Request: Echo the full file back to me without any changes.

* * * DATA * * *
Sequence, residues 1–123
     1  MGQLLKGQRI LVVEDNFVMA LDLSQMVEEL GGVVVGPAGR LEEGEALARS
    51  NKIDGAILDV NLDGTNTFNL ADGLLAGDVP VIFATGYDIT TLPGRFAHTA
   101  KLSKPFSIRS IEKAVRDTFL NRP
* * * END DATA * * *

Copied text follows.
Sequence, residues 1–123
     1  MGQLLKGQRI LVVEDNFVMA LDLSQMVEEL GGVVVGPAGR LEEGEALARS
    51  NKIDGAILDV NLDGTNTFNL ADGLLAGDVP VIFATGYDIT TLPGRFAHTA
   101  KLSKPFSIRS IEKAVRDTFL NRP